Why Lending Is Looking Up
November's surprisingly potent US jobs report once again raised speculation that the Fed would finally deliver on its promise to boost interest rates before the year was out. Even so, yields are likely to remain below historical averages for some time, compelling many asset managers to continue seeking alternative alpha-generating strategies, securities lending included.
Beneficial owners can choose from a number of plausible strategies on lending revenue generation, ranging from structured transactions such as collateral upgrades to high-quality, government-backed assets, which continue to grow in demand. Many see collateral flexibility and acceptability as key drivers of securities lending innovation. Meanwhile, demand for more efficient capital-management solutions could pave the way for broader CCP acceptance within the US lending community.
Post-2008, securities lending has frequently been targeted by global regulators, including some who consider the practice unfit for institutional consumption. Though intended to reduce volatility, the increased emphasis on lending transparency could act as a deterrent by weighing on returns. Despite some industry pushback, efforts by agencies such as the Financial Stability Board to increase securities lending due diligence will ultimately benefit the business as a whole: the more investors know about lending, the more likely they are to want to be involved. While tougher guidelines could have some impact on spreads, lenders must get out of the dark and into the new era of increased clarity.
The securities lending industry has changed dramatically since the halcyon days of 2007-8 when lending volumes were at their apex. Then, lending was very plug-and-play for investors – a custodian would typically handle the securities selection process and soon returns would arrive. Then came the fallout of 2008: suddenly, investors wanted a separately managed, customised program, with the ability to dictate specific investment guidelines or, in some instances, handle the investing themselves. Solutions for comparing like-to-like, agent-lender performance and risk-management capabilities have since risen to the fore as well, as has service customisation, including bespoke programs tailored to owners' specific risk-return characteristics.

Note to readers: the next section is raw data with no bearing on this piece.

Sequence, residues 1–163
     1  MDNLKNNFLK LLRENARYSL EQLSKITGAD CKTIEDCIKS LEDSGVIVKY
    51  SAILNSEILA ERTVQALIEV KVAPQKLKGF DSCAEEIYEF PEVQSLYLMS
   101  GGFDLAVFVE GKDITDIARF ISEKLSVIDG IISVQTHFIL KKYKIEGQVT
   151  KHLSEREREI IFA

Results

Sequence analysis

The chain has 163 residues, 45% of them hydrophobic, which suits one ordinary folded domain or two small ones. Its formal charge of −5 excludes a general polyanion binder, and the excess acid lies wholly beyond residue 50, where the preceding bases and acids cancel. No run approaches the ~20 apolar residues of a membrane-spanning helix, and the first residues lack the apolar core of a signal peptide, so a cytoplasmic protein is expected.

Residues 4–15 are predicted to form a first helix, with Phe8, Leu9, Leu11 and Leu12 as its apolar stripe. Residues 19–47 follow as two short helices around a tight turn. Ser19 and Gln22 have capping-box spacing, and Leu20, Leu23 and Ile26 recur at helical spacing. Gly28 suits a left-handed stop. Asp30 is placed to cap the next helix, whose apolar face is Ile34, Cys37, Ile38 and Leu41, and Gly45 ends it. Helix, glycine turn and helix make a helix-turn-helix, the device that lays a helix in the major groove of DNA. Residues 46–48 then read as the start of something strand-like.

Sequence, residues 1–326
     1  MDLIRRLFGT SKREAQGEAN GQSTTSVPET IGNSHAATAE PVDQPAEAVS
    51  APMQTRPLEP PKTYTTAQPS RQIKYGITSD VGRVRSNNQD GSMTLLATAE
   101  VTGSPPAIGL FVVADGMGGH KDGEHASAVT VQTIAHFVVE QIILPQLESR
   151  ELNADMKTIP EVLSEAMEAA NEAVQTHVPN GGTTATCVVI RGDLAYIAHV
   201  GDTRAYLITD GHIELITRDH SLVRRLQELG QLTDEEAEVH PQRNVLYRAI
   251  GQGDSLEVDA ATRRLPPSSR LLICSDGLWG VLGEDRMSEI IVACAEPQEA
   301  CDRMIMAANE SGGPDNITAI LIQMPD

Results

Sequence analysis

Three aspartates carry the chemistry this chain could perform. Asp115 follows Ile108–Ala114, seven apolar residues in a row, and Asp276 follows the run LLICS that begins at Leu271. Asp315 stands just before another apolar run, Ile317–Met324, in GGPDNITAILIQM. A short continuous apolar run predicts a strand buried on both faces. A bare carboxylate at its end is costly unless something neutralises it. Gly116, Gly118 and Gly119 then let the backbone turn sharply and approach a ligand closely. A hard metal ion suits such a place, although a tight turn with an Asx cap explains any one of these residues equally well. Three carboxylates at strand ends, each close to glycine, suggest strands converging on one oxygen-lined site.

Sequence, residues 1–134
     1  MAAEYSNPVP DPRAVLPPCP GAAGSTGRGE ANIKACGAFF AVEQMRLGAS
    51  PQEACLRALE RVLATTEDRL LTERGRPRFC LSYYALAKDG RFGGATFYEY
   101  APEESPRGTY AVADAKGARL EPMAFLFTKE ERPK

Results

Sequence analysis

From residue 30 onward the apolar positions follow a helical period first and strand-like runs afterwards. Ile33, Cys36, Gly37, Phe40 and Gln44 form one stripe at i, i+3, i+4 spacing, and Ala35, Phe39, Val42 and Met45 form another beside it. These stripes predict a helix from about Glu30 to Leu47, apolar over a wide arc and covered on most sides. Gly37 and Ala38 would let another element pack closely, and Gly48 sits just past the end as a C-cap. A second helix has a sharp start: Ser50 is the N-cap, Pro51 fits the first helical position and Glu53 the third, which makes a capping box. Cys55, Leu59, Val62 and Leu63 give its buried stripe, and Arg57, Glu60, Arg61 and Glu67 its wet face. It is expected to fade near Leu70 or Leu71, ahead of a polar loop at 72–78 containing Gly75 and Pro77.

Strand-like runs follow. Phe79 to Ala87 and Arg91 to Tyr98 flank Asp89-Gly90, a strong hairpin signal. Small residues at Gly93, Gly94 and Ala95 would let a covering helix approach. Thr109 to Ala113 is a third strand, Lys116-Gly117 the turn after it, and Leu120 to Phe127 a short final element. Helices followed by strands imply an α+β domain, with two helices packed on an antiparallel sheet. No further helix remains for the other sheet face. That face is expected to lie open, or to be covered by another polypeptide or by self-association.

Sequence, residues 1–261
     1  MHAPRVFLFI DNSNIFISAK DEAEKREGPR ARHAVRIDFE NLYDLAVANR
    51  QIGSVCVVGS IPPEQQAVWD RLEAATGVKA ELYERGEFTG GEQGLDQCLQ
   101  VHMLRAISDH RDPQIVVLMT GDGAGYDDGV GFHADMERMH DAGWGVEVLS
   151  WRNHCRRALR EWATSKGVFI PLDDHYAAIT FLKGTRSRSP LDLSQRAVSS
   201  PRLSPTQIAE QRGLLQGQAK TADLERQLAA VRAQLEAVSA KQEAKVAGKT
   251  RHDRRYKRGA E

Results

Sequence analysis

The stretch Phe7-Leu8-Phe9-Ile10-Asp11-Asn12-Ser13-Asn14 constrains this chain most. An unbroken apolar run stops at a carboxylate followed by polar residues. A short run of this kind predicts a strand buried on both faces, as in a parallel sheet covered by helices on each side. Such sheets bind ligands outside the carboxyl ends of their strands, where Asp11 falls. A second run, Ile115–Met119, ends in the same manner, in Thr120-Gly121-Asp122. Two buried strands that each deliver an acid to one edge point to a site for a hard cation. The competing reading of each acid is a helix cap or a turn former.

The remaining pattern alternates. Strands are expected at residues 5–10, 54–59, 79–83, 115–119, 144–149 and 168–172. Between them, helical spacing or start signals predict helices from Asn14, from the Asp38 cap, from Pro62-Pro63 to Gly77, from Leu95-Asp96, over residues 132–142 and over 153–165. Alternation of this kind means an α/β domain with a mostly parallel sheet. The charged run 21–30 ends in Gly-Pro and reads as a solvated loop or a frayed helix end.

Maintaining a viable securities lending operation, while ensuring that programs accurately reflect a client's risk profile, can be challenging for agency lenders. Objectives may vary greatly from one owner to the next (a hedge fund, for instance, is likely to have very different expectations to those of a plain-vanilla asset manager, public or private pension-fund manager, or other risk-averse entity).
The ability of lenders to tailor programs to a client’s specific risk characteristics has therefore become a compulsory element. Naturally, much depends on whether a client views lending as a purely ancillary product or, by contrast, is amenable to increased risk exposure in order to help meet unfunded liabilities or generate additional alpha for the investment portfolio.
Accordingly, information for beneficial owners must be easy to understand and customised to their specifications; lenders should also hold regular discussions with CIOs to ensure that the structure of the lending program continually meets their guidelines. Having a diversified, risk-managed, asset allocation covering a broad range of potential borrowers can also help owners optimise their lendable supply, while also mitigating risk.